Pintler Mountain Beef: Mountain Raised Beef since 1904
William P. ‘Red’ Carey immigrated from Ireland and as a young man fought for the Union Army during the Civil War. Red Carey then headed west to Montana, working for the Northern Pacific railroad, and then running stationary engines at the Elk Horn, Bearmouth, Granite, and Rumsey mines and mills. He settled near Philipsburg and worked in the mines in Granite in the late 1880's, and homesteaded at the Carey Meadows, at the head of Trout Creek, in the 1890's.
Red Carey begins homesteading at the head of Trout Creek, south of Philipsburg, Montana, at what would later become Carey Meadows (about 1890), a few miles south of the current Christensen Bros Ranch. Red Carey’s wife, Ellen (née Grady) bought a homestead along nearby Meadow Creek. This is an interesting history; in that the seller had to leave after the killing of a violent cattle baron, who was trying to drive the homesteaders out of southern Granite County. He was shot while drinking with his men at a place called the Crystal Saloon (or Tavern, the history varies) by a group of ranchers who refused to be victims. Red Carey helped the largely aquited homesteader move his cattle many miles north, and Ellen bought his ranch. The original deed listed Ellen as "Mrs William Carey", as was conventional at that time.
Phillip Sarsfield “Sarch” Carey homesteads the current Christensen Bros Ranch along the banks of Trout Creek. He added other pieces of land, by buying other homesteads and railroad land. He also worked in the Rumsey Mill south of Philipsburg. Ultimately, the ranch spans 2080 acres from the hills above Georgetown Lake to the Skalkaho Highway.
East Fork Homestead
William Monroe “Bill” Carey and Layla (née Parks) homestead on the East Fork of Rock Creek; Bill worked as a teamster helping to build the dam for what is now Georgetown Lake. They raise a family on the East Fork (Christensen Bros great grandparents). Their children included Lawrence (a WWII combat veteran), Paul, Marry Hellen, Chloe, and Woodrow. Woodrow ultimately took over the ranch, and ran it into the 1990's. Unfortunately, that ranch was lost to the family, but much of it was put into a conservation easement prior to it having to be sold. A new owner destroyed the original ranch buildings, and cut down the lilacs that family was buired under. Only a few now living can point out the grave.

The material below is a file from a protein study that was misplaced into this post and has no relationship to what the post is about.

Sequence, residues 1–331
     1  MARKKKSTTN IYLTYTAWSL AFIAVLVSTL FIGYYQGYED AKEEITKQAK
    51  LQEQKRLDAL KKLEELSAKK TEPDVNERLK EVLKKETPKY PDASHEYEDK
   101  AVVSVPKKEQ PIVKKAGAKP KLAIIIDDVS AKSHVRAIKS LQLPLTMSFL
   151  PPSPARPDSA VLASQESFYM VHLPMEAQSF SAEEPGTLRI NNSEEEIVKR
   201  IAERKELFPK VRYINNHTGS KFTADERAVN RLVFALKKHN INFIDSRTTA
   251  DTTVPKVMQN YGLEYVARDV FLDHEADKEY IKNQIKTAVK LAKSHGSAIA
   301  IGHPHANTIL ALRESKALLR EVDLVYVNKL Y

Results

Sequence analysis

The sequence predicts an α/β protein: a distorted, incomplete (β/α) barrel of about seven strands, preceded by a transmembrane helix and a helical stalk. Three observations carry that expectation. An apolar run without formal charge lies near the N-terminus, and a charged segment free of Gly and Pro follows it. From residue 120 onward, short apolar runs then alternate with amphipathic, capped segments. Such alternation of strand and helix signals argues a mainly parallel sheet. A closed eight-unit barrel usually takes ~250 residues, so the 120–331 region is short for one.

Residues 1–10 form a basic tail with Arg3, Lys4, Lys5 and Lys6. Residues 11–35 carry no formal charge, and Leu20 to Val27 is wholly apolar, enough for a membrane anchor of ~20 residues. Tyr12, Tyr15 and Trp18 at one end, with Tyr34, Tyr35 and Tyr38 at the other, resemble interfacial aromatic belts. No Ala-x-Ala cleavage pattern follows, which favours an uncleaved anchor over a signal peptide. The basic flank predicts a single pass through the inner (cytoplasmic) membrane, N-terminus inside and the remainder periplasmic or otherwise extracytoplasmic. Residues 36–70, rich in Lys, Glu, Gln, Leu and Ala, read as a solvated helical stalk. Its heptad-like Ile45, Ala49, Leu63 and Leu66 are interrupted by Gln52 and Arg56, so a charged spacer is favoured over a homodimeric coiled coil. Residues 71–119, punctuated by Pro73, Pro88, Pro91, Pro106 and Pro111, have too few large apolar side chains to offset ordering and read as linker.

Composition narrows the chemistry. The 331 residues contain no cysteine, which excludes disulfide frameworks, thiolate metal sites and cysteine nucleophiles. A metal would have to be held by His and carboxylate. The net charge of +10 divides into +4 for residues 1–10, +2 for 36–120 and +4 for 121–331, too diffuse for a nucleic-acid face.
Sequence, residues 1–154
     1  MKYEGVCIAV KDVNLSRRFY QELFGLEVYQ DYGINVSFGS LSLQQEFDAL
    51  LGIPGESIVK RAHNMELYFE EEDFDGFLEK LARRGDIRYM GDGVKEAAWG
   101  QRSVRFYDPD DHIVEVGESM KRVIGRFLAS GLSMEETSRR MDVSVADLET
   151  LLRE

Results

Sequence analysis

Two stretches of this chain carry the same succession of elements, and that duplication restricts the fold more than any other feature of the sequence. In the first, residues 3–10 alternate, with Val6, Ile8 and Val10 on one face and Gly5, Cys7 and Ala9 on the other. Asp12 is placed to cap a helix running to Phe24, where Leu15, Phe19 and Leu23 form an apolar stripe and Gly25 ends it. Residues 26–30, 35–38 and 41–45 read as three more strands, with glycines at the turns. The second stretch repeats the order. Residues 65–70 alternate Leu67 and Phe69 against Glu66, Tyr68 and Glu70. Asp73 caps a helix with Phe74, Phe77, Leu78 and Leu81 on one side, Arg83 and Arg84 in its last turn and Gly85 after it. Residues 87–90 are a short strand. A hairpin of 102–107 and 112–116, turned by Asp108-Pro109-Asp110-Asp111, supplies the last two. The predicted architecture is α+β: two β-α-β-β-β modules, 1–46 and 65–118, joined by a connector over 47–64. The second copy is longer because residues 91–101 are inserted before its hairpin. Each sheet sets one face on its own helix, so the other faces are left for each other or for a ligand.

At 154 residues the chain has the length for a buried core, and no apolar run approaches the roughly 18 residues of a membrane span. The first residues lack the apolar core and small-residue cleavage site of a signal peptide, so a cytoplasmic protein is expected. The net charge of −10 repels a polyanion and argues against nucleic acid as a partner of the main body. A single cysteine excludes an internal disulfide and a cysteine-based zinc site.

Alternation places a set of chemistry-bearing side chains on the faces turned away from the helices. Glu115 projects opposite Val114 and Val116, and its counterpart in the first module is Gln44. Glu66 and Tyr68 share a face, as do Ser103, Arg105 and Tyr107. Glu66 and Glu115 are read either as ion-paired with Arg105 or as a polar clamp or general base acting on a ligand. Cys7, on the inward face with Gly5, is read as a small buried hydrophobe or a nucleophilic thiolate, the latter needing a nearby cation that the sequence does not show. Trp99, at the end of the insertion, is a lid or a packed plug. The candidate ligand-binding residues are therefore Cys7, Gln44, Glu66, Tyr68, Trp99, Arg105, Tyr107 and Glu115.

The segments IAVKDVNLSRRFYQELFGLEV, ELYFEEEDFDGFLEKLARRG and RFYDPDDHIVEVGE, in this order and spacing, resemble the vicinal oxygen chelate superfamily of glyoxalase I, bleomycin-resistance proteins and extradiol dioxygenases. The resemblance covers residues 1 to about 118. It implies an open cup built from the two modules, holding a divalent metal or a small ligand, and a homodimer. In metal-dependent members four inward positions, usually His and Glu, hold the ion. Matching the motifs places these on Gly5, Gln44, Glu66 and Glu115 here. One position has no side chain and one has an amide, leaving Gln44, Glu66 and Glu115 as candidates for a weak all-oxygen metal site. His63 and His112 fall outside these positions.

Rasumus and Anne Marie
Rasmus and Ann Marie Christensen immigrate from Denmark in 1904 and land in Montana around 1908, ultimately settling on Ross’ Fork of Rock Creek in 1928. They had seven children: Eli, Oswald, Robert, Alice, Ann, Carl, and Violet. Rasmus worked for the railroad as well.
1930's to 1950's
A New Generation
Robert “Bob”, and Oswald “Ozzy” (another WWII combat veteran) take over the Ross's Fork ranch as the “Christensen Bros.” The brothers together run the ranch for a number of years, until Ozzy move on to other things, including the Granada Theater in Philipsburg, with his wife Betty. Eli was on a ranch just downstream on the Ross's Fork for some time, then moved to Philipsburg, where, among other things, he was a Justice of the Peace for many years.
1930's and 40's
Uniting Two Ranching Families
Bob Christensen marries Mary Helen (daughter of Bill and Layla Carey), uniting two ranching families. They operate the ranch on the Ross’s Fork and have five children: Bill, Helen, Jim, Steve, and Marilyn. In addition to raising crops and livestock, Bob and his children cut sawlogs and posts. Steve ultimately took over the Ross's Fork place with his wife Ginger, and he also logged, until the years of toil wore him down and they had to sell the place.
An Eclectic Marriage
Bill Christensen took over the Trout Creek ranch from his great uncle Sarch Carey in 1956, just after graduating High School. In 1970 he married Sharon LeFevre (a Butte native, whose father Martin was a WWII combat veteran) and they begin a beautiful life together on the Trout Creek Ranch. Prior to moving to the ranch, Sharon, earned Masters degrees and studied at the Sorbonne in Paris, France. Sharon was a true feminist and forward thinker of her time. They raised three boys, Nate, Josh, and Joel. As their children grew, Bill also worked in a sawmill and as a bartender, and Sharon worked for the Philipsburg Mail and then started teaching at the Granite County High School. Bill inherited part of the ranch, and bought part from his Aunt Chloe. Bill and Sharon put in many improvements, and saw through a land trade that consolidated all the ranch into one contiguous piece of land.
Christensen Bros Ranch
Upon the deaths of Nate, Bill, and Sharon, the Trout Creek ranch is passed on to Josh and Joel, and it is renamed the Christensen Bros Ranch. Generations of stewards before them have instilled a deep love for the land, the ranching history, and a passion for caring for the natural environment.
Pintler Mountain Beef
Pintler Mountain Beef is formed as a way to continue the ranching legacy of the Christensen family, preserve unspoiled open space, and to provide consumers with a wholesome source of protein grown in an entirely natural environment from pasture to plate.